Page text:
Hill slowly focuses on non-COVID, non-election issues

Inside D.C.

Hill slowly focuses on non-COVID, non-election issues

It may seem the only news these days focuses on COVID 19 cases, the fight against inequality or President Trump’s reelection challenges, whether Joe Biden or Josh Bolton.  Truth be told, Washington, DC, is slowly trying to take care of other business. 

There will be a “phase four” economic stimulus bill as talks accelerate, though no word on whether the price tag will be billions or trillions.  USDA said this week it’s mailed $2.9 billion in producer direct payments based on its $16 billion in CARES Act funding.  Lawmakers are trying to shoehorn several more pro-ag funding issues into the package, including retroactively giving biofuels makers a break.  Rep. Collin Peterson (D, MN), Agriculture Committee chair, last week told a virtual biofuels caucus session that much of what’s in the HEROES Act, approved by the House last month, will likely survive in the Senate’s next stimulus bill.  Financial aid to ethanol makers, as well as addressing frustration with EPA’s handling of small refinery waivers, including pending retroactive review of 52 waiver petitions, and the Renewable Fuel Standard (RFS) blending mandate process are also likely to make the cut, Peterson said.  The lawmaker says he’s talked with his counterpart in the Senate, Sen. Pat Roberts (R, KS), and they’re pretty much of one mind on what should be included, though he expects Senate “tweaks.” Sen. Charles Grassley (R, IA), Finance Committee chair, says end-game talks will start post-July 4 break, with the bill hitting the floor around August 6, the last congressional workday until after Labor Day.

The American Farm Bureau Federation (AFBF) checked with Americans on their attitude about farmer payments in the wake of the COVID 19 gyrations.  The June 6-7 poll found 52% of 2,200 adults surveyed support payments given farmers, with 53% saying farmers have been affected “ a lot” by COVID 19.  Another 32% said they’re “somewhat supportive” of sending federal checks to farmers, with 23% saying there’s been at least some impact on crop and livestock producers. Just 6% opposed federal aid to producers.  Broadly, 59% said the government should treat agriculture and a stable food supply as a “matter of national security.”

The Supreme Court’s 5-4 decision this week nullifying Trump’s shutdown of the Deferred Action for Childhood Arrivals (DACA) program created by President Obama, does not eternally enshrine the program in federal law, but basically says the White House messed up in how it went about shutting it down.  Trump failed to follow the Administrative Procedures Act (APA) and its requirements for public notice, public comments, etc.  No official word on whether the Trump administration will move to fix its mistakes and try again. The program is meant to protect nearly 800,000 undocumented immigrants from deportation.  These “Dreamers” were brought illegally to the U.S. as minor children by their parents.

On the trade front, one private analysis this week says China’s imports of U.S. ag products as part of its $36.5-billion “phase one” deal to end the U.S.-China tariff war have been “disappointing.”  And ahead of a full day of Capitol Hill House and Senate hearings on administration trade policy, more than 190 farm and agribusiness groups and companies sent a 13-page letter to the lawmakers urging Trump to give China a full opportunity to fulfill its pledge and not withdraw the U.S. from the agreement.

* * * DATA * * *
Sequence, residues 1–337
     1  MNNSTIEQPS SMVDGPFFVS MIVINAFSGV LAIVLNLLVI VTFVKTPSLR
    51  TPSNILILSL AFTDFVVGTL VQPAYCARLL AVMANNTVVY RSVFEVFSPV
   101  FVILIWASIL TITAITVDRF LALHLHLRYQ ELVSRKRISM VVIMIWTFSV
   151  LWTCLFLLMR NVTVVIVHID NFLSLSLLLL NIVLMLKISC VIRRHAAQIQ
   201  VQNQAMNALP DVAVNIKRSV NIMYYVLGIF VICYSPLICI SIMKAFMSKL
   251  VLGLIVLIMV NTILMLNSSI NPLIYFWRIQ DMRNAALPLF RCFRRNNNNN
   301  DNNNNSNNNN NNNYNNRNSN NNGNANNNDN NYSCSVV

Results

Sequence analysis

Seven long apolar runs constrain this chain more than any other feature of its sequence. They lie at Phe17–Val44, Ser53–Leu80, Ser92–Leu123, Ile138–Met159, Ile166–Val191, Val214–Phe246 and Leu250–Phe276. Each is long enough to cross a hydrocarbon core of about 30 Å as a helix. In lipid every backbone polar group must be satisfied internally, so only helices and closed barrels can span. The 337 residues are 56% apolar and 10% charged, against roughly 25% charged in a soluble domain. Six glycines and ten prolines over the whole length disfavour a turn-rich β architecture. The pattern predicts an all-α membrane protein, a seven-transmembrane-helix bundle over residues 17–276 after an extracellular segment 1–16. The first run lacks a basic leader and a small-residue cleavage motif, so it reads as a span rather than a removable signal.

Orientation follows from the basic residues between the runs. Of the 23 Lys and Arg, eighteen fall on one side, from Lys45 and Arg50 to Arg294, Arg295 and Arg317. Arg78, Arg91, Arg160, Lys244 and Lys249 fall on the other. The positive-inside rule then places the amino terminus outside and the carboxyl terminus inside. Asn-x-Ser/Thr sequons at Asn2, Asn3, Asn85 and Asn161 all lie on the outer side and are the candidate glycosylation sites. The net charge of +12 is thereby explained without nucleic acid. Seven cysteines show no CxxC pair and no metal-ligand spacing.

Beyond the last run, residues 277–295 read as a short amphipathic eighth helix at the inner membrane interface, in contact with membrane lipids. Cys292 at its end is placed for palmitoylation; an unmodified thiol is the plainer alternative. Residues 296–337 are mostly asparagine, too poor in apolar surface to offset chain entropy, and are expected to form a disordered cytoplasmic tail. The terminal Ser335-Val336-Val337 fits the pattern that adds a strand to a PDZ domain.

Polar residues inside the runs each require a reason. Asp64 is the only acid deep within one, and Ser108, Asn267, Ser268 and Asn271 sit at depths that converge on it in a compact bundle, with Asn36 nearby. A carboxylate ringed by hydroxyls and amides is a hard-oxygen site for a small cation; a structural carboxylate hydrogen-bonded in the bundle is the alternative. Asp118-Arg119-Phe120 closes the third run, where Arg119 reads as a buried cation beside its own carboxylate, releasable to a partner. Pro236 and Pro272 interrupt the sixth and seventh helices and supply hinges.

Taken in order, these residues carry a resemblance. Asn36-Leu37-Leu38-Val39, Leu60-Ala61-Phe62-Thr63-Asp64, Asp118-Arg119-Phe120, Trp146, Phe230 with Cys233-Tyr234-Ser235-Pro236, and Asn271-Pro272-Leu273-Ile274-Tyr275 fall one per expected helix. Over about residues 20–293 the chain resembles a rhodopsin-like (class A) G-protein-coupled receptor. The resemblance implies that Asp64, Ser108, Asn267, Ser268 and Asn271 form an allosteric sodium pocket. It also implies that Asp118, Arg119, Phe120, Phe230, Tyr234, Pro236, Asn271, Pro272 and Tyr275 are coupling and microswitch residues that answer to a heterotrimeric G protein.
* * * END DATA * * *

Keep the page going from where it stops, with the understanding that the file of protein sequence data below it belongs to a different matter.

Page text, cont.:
This week, U.S. Special Trade Representative (USTR) Robert Lighthizer told the House Ways & Means Committee, and later the Senate Finance Committee , China has bought this year over $10 billion in soybeans – with a lot more likely sold before year’s end – as well as sorghum, cotton, pork and assorted other U.S. products.  He says China’s pledge will be honored. 

Lawmakers also hammered Trump’s chief trade negotiator over talks with the United Kingdom (UK) to create a bilateral trade deal in a post-Brexit Europe.  The UK wants to bar U.S. beef due to hormone use, and chicken because the U.S. permits antimicrobial “rinses.”  Lighthizer said the UK must abandon its position, calling allegations of unsafe U.S. foods “thinly veiled protectionism.”   And with the U.S.-Mexico-Canada Agreement (USMCA) due to kick off July 1, Lighthizer pledged the Trump White House will “act early and often” if violations are discovered. He cited Mexico’s ongoing refusal to approve U.S. biotech varieties, and his office’s planned close monitoring of Canada’s implementation of increased access for U.S. dairy products.  Disputes will be filed; cases will be brought if violations are discovered., Lighthizer said.

The Senate Agriculture Committee is coming out of hibernation next week, holding its first hearing since COVID 19 quarantines emerged.  The panel will talk about farmers, ranchers and proposed carbon markets as Congress begins to take on climate change.  Also, on deck is debate in the Democrat-controlled House on federal infrastructure investment that includes climate change-related mandates.  Reports this week indicate a $1.5-trillion spending package to fix roads, bridges, airports and urban commuter systems, as well as invest more in rural broadband deployment and so-called “green initiatives,” is on deck. The bill could be voted on in September, says reports, putting pressure on the GOP-controlled Senate right before the election. 

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